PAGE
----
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Thread: "High Fantasy" recommendations?

  1. #276
    Quote Originally Posted by Sturgeon's Lawyer View Post
    Whoa, yes. Norrell/Strange is not exactly "high" fantasy, but it's one of the most original fantasy novels in the last 20 years or so.
    Norrell/Strange is very reminiscent of Moby Dick in its mode of storytelling (the asides, citations, footnotes and stories within stories). And I'm sure if Herman Melville was considering writing a fantasy epic devoid of allegory, then it might be set up like this. The novel itself started off promising, but I found I really disliked it by the end. There is a lot of dicking around and dawdling, with much belaboring of points, and the climax is...anti-climactic. But I heartily suggest reading the first few chapters, which are excellent. Then stop.
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  2. #277
    Member MaikH's Avatar
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    Quote Originally Posted by moecurlythanu View Post
    ^ I was reading your description of the Susanna Clarke book and thinking to myself "That sounds a lot like Little, Big. Then I kept reading. I'm unfamiliar with the Clarke book, but will probably order it tonight.
    Hey, so my post was already worth writing! Based on your remarks in this thread, I'd be surprised if you did not at least like it.

    Regarding Little, Big, I just finished rereading Crowley's first three short novels (collected as Otherwise, and it's interesting to see how the accessability improves from book to book, while the ideas are brilliant right from the start. Have you already read Ka from 2017? I've got in on order, and really look forward to see how his return to more fantastic topics works out.

  3. #278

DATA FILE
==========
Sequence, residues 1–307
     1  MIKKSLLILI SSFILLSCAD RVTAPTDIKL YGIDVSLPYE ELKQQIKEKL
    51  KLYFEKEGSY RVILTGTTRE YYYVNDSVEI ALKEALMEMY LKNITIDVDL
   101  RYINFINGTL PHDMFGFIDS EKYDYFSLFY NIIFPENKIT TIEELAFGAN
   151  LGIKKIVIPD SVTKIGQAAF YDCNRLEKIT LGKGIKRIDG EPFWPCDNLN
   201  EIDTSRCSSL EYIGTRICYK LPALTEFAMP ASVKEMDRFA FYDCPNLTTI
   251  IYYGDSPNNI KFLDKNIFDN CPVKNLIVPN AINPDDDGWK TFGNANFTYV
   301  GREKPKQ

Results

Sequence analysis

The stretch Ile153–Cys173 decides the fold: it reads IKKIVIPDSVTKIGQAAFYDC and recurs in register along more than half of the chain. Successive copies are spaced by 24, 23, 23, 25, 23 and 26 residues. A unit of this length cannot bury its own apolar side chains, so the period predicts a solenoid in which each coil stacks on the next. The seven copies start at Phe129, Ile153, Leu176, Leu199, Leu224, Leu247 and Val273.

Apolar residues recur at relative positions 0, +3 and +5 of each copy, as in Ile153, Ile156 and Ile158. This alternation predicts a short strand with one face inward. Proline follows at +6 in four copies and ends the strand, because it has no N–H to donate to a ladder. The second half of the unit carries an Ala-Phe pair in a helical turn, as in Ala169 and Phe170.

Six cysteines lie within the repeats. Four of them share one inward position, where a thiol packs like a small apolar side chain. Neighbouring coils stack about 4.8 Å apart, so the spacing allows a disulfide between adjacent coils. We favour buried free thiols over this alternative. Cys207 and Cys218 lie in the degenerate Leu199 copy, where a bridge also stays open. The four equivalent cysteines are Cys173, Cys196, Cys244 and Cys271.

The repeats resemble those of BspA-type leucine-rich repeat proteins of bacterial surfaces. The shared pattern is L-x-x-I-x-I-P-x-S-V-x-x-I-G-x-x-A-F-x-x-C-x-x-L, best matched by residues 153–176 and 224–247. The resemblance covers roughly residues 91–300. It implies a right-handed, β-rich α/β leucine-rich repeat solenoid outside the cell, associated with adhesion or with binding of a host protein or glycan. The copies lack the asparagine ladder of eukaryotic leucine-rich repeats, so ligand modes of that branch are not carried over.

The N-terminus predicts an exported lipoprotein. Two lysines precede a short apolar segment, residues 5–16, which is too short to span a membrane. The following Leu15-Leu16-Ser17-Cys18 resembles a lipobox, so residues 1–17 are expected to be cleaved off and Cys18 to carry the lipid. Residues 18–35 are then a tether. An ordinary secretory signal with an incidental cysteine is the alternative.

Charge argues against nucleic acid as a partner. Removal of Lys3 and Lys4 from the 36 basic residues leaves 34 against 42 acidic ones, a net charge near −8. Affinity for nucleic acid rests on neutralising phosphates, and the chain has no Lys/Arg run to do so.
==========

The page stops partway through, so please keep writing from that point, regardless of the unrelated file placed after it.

Jazzbo manqué Mister Triscuits's Avatar
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    Quote Originally Posted by MaikH View Post
    Have you already read Ka from 2017? I've got in on order, and really look forward to see how his return to more fantastic topics works out.
    Superb book, though that's not surprising from Crowley.
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  4. #279
    Member rickawakeman's Avatar
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    Quote Originally Posted by MaikH View Post
    Gene Wolfe • The Wizard Knight


    So, thanks again for starting this thread - for myself, the first recommendation I'll pick up from here is Patricia McKillip, who was a complete unknown to me but sounds right up my alley.
    My pleasure. The recommendations here have dominated my reading since my initial post. I did read The Wizard/The Knight by Gene Wolf, enjoyed the use of the "unreliable narrator". McKillip's Forgotten Beasts of Eld led me to her RiddleMaster trilogy. All thanks to the good folks here.
    Last edited by rickawakeman; 1 Week Ago at 04:56 PM.

  5. #280
    Member Guitarplyrjvb's Avatar
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    Have any of you read anything by Naomi Novik? "Uprooted" and "Spinning Silver" were both fantastic.

  6. #281
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    Quote Originally Posted by Guitarplyrjvb View Post
    Have any of you read anything by Naomi Novik? "Uprooted" and "Spinning Silver" were both fantastic.
    Her Temeraire series was very good. The first three novels in the series were excellent.
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